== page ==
Both AQA and OCR are keen to expand Computer Science provision. With a number of schools who do not offer A-level Computer Science offering it at GCSE, or intending to do so, A-level demand is likely to increase. School Principals are aware of developments in England regarding ICT and the drive towards Computer Science, and many are receiving enquiries from parents. Issues in the local economy and job market are also raising awareness of Computer Science.

Successful delivery of Computer Science or the new Software and Systems Development course depends on improved provision from C2k. Many schools simply do not have time or resources to work around restrictions that are currently in place.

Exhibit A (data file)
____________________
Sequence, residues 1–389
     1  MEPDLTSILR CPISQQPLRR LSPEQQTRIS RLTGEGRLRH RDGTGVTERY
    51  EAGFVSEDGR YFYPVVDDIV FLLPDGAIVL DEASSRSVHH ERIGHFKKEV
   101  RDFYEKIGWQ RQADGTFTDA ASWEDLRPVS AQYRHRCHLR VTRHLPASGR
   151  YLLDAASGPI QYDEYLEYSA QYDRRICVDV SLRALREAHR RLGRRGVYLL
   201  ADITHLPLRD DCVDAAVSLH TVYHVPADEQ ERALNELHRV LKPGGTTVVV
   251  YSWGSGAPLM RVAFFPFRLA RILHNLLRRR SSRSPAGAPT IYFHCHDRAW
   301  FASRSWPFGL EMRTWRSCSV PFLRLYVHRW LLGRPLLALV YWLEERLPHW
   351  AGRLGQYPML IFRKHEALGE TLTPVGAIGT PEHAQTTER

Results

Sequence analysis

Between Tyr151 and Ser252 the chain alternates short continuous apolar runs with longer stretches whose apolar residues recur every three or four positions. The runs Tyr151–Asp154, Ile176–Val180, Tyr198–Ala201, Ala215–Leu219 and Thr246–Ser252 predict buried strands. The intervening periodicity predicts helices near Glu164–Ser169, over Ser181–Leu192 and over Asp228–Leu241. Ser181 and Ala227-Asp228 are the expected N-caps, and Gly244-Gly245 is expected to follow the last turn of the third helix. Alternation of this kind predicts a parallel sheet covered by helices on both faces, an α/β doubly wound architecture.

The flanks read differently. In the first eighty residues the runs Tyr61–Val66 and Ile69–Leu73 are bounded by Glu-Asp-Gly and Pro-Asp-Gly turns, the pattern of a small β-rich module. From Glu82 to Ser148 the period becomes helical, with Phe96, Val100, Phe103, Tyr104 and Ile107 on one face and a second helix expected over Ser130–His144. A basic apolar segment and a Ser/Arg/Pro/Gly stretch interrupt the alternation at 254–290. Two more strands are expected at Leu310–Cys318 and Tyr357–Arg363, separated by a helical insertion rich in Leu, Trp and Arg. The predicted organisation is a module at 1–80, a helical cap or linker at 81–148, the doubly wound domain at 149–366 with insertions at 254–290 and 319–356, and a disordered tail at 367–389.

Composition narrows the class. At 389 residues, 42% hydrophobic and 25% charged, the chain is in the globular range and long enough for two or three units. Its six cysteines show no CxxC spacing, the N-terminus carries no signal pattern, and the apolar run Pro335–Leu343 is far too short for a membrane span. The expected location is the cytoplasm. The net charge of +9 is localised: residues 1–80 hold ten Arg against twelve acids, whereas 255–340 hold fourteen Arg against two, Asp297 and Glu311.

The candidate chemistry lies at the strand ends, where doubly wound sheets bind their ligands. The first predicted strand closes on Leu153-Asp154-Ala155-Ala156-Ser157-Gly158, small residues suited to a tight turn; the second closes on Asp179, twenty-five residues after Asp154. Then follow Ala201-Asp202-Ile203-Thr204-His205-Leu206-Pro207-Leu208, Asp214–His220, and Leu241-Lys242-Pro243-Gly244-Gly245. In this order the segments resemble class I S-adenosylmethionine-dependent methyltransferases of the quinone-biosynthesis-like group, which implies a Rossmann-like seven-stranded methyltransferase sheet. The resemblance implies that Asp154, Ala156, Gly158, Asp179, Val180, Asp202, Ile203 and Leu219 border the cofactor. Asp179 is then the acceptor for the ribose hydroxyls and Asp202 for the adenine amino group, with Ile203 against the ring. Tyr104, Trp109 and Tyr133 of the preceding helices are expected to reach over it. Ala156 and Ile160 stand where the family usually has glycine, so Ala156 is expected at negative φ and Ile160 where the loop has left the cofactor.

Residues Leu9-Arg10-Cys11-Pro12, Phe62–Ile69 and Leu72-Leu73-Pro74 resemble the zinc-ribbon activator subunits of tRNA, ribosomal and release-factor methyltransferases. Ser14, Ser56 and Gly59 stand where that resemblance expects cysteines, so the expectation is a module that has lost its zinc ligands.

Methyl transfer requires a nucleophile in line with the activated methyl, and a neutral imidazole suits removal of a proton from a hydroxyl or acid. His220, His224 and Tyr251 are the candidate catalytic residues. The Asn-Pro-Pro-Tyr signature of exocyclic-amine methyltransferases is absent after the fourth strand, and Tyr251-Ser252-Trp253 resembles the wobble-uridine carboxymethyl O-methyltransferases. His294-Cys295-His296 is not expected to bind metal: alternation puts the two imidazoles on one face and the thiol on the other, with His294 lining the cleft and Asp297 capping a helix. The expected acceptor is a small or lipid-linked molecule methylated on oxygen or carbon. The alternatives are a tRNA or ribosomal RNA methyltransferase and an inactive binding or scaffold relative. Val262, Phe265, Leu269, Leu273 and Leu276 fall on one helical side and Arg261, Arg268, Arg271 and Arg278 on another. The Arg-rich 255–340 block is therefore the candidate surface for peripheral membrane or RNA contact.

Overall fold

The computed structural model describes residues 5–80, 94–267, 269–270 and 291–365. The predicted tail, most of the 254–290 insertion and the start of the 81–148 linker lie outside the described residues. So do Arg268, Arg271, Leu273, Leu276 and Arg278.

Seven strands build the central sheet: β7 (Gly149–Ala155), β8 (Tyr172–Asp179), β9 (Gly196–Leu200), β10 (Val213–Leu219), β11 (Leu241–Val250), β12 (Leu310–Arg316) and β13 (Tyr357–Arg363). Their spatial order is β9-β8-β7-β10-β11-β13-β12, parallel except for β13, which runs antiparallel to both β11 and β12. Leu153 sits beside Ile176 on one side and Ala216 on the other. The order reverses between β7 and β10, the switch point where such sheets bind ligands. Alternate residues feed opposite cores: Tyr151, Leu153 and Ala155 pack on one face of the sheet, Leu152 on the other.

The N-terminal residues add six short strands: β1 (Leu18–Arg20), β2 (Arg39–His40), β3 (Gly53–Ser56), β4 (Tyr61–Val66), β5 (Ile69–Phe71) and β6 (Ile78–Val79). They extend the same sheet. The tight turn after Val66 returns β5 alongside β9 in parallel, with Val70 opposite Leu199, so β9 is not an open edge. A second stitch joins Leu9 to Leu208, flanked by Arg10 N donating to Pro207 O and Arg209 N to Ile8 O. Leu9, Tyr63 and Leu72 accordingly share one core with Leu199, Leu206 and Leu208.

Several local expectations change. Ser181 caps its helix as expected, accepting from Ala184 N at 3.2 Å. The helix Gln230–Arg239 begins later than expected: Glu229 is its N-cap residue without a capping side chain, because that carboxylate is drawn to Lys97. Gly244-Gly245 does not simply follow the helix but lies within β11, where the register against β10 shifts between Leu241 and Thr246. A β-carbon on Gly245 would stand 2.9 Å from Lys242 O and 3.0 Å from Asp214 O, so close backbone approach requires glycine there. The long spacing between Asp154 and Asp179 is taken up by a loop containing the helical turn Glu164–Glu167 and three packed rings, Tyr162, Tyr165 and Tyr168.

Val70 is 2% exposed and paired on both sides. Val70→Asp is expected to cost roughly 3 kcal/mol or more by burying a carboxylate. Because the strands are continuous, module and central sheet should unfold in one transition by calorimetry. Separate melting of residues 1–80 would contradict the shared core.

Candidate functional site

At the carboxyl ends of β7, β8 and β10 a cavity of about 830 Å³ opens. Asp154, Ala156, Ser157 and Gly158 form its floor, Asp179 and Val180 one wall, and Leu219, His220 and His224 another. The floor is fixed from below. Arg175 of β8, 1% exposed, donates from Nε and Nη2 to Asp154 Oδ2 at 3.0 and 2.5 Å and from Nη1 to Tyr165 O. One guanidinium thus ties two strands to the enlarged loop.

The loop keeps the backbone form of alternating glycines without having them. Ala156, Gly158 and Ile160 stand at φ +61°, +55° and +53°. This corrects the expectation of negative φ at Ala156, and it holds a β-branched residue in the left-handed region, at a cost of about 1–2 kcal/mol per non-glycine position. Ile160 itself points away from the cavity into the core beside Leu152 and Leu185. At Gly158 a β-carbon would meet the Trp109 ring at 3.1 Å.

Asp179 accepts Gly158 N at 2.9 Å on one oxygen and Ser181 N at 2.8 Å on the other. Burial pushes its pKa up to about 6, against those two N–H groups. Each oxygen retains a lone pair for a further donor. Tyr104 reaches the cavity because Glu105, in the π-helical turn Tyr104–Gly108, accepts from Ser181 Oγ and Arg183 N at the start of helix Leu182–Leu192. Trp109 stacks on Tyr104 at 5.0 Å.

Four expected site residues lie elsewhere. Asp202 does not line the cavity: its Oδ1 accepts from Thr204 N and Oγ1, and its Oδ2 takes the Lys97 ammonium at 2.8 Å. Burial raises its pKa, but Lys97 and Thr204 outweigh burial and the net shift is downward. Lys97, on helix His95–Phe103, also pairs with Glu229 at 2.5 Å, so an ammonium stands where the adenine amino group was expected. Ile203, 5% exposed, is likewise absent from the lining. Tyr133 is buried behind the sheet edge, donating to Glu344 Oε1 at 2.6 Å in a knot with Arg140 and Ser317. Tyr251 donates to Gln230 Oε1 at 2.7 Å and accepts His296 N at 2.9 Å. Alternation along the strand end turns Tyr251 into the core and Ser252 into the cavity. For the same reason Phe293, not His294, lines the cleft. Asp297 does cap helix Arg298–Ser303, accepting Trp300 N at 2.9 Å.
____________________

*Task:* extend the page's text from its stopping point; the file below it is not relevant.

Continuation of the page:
The teachers

Where are we: ICT is taught by a broad spectrum of teachers. At one end, there are those who would prefer to teach Computer Science and who will gladly return to it. At the other, there are those who came from other subjects and who are content with ICT unless they are given time for training.  In the middle, there are varying shades of preference.  There are also concerns about whether a broad spectrum of students will do as well in Computer Science as they do in ICT, especially if it is not introduced to them until late in their school careers.

Very little time and money for training exists. Local universities have suggested a willingness to offer training, if money was available. This may be a major downfall, if not addressed. Many ICT teachers are willing to use Scratch at Key Stage 2/3 and a lot are competent to self-learn the skills needed for GCSE. However, A-level may be a major challenge for many if they are not allowed time to properly train.